SONG OF THE GARGOYLE

In a setting that owes something to feudal Europe but more to pure fantasy, young Tymmon hides, terrified, while his court-jester father, Komus, is brutally kidnapped. Having overheard the mysterious kidnappers' plans to capture him as well, he quickly packs a few necesseities and treasures (his old flute, Komus's jester's cap) and escapes from the castle. Hiding in the dreaded forest nearby, he's adopted by a huge, dog-like creature that he assumes is a gargoyle: though "Troff" doesn't speak, he seems to understand perfectly; in turn, Tymmon easily comprehends Troll's excellent advice. Hungry, they make their way to town, where Tymmon not only learns how the rapacious nobles keep the people in poverty but also discovers the satisfactions of earning his bread with his flute, plus Komus's witty songs and stories. This, plus a chance revelation about his father's tragic past, puts Komus's long-ago renunciation of his nobility (a choice that has lately estranged father and son) in a new light for Tymmon, who—by the time he has rescued his father and straightened out the local political scene—has also come to value his father's art. There are several delights along the way here—especially Tymmon's "conversations" with Troll, who is gradually revealed to be an exceptionally talented dog on whom Tymmon has projected his own ideas. A thoughtful, smoothly written adventure.

Pub Date: April 1, 1991

ISBN: 0-385-30301-7

Page Count: 232

Publisher: Delacorte

Review Posted Online: May 20, 2010

Kirkus Reviews Issue: March 1, 1991

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Dizzyingly silly.

CAPTAIN UNDERPANTS AND THE TYRANNICAL RETALIATION OF THE TURBO TOILET 2000

From the Captain Underpants series , Vol. 11

The famous superhero returns to fight another villain with all the trademark wit and humor the series is known for.

Despite the title, Captain Underpants is bizarrely absent from most of this adventure. His school-age companions, George and Harold, maintain most of the spotlight. The creative chums fool around with time travel and several wacky inventions before coming upon the evil Turbo Toilet 2000, making its return for vengeance after sitting out a few of the previous books. When the good Captain shows up to save the day, he brings with him dynamic action and wordplay that meet the series’ standards. The Captain Underpants saga maintains its charm even into this, the 11th volume. The epic is filled to the brim with sight gags, toilet humor, flip-o-ramas and anarchic glee. Holding all this nonsense together is the author’s good-natured sense of harmless fun. The humor is never gross or over-the-top, just loud and innocuous. Adults may roll their eyes here and there, but youngsters will eat this up just as quickly as they devoured every other Underpants episode.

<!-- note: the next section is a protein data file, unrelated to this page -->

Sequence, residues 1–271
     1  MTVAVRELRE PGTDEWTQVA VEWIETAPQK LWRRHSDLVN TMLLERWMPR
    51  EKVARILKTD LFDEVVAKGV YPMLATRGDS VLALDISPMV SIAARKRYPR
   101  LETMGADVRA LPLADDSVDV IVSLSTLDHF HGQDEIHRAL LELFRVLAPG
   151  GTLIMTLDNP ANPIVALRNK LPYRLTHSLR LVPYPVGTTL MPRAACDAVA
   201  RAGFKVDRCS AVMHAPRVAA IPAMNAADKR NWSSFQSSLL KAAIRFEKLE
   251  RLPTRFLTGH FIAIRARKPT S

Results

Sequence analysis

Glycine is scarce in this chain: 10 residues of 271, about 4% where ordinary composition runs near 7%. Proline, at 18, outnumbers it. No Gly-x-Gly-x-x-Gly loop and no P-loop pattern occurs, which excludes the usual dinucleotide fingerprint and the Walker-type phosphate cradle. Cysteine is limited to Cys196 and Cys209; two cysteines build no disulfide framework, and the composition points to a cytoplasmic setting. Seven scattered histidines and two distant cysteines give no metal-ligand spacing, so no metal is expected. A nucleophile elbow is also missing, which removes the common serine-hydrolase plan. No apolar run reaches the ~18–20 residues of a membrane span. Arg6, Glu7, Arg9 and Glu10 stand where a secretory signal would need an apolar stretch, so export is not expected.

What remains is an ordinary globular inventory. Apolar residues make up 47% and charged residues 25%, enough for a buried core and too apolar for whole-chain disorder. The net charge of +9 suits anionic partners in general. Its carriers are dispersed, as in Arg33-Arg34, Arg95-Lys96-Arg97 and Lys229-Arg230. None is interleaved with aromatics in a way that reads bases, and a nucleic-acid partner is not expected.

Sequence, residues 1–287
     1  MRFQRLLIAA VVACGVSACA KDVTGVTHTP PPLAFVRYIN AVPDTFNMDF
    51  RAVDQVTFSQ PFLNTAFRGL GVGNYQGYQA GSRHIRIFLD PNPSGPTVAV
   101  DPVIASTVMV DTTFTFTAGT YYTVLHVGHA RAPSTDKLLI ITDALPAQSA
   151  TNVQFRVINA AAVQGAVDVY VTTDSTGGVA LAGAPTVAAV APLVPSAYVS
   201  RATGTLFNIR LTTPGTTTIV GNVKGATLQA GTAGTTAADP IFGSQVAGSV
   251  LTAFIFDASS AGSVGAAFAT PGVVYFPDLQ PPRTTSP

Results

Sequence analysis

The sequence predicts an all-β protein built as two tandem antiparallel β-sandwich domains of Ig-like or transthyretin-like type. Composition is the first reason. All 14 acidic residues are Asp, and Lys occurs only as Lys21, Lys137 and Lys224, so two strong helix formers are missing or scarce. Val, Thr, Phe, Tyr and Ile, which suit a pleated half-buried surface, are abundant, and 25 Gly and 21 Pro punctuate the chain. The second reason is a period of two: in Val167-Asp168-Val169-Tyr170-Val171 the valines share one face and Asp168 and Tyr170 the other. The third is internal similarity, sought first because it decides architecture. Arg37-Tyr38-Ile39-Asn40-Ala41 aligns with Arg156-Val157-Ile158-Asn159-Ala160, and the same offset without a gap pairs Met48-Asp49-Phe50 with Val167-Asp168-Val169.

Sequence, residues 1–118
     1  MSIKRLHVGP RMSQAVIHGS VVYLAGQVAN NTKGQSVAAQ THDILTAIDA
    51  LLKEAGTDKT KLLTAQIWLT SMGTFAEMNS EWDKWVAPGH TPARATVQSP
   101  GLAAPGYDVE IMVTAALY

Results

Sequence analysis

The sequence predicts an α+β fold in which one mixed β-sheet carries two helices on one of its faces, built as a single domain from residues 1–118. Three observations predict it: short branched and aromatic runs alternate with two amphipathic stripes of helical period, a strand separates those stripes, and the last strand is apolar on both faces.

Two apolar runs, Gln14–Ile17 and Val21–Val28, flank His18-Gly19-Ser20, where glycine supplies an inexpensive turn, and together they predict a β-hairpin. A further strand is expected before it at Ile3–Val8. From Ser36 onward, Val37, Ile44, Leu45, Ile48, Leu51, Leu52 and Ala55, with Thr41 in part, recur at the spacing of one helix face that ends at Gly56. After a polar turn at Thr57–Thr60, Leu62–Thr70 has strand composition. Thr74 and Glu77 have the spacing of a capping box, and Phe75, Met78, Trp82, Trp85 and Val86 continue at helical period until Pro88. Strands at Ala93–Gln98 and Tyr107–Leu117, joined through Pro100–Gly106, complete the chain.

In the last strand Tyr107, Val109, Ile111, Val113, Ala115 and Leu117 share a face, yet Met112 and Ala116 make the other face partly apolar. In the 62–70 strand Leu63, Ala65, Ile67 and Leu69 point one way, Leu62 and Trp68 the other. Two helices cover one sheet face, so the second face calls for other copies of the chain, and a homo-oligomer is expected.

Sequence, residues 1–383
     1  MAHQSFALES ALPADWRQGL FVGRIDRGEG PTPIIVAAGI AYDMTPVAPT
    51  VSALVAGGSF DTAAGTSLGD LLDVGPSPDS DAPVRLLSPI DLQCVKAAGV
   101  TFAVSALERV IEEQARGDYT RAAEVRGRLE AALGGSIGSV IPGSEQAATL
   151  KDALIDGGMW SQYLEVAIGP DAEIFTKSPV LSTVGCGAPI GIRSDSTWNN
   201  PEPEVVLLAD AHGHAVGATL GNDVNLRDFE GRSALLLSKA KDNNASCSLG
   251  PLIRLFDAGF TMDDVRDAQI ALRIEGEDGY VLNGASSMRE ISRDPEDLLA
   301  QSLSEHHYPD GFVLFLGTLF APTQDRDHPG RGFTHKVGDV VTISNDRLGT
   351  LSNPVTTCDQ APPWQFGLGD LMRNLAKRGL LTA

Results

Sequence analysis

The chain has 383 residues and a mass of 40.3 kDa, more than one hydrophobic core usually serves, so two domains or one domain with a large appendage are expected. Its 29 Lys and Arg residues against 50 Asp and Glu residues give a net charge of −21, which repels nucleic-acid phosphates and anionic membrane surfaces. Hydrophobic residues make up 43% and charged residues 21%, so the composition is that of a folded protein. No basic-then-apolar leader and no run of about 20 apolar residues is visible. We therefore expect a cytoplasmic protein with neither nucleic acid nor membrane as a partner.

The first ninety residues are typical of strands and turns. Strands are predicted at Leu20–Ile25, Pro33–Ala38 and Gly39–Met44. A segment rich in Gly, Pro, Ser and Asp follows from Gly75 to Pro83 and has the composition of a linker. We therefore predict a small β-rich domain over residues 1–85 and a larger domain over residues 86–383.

Dizzyingly silly. (Humor. 8-10)

Pub Date: Aug. 26, 2014

ISBN: 978-0-545-50490-4

Page Count: 224

Publisher: Scholastic

Review Posted Online: June 4, 2014

Kirkus Reviews Issue: June 15, 2014

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Gripping and pretty dark—but, in the end, food, family, friendship, and straight facts win out over guile, greed, and terror.

THE ICKABOG

Rowling buffs up a tale she told her own children about a small, idyllic kingdom nearly destroyed by corrupt officials.

In the peaceful land of Cornucopia, the Ickabog has always been regarded as a legendary menace until two devious nobles play so successfully on the fears of naïve King Fred the Fearless that the once-prosperous land is devastated by ruinous taxes supposedly spent on defense while protesters are suppressed and the populace is terrorized by nighttime rampages. Pastry chef Bertha Beamish organizes a breakout from the local dungeon just as her son, Bert, and his friend Daisy Dovetail arrive…with the last Ickabog, who turns out to be real after all. Along with full plates of just deserts for both heroes and villains, the story then dishes up a metaphorical lagniappe in which the monster reveals the origins of the human race. The author frames her story as a set of ruminations on how evil can grow and people can come to believe unfounded lies. She embeds these themes in an engrossing, tightly written adventure centered on a stomach-wrenching reign of terror. The story features color illustrations by U.S. and Canadian children selected through an online contest. Most characters are cued as White in the text; a few illustrations include diverse representation.

Gripping and pretty dark—but, in the end, food, family, friendship, and straight facts win out over guile, greed, and terror. (Fantasy. 10-13)

Pub Date: Nov. 10, 2020

ISBN: 978-1-338-73287-0

Page Count: 304

Publisher: Scholastic

Review Posted Online: Nov. 17, 2020

Kirkus Reviews Issue: Dec. 1, 2020

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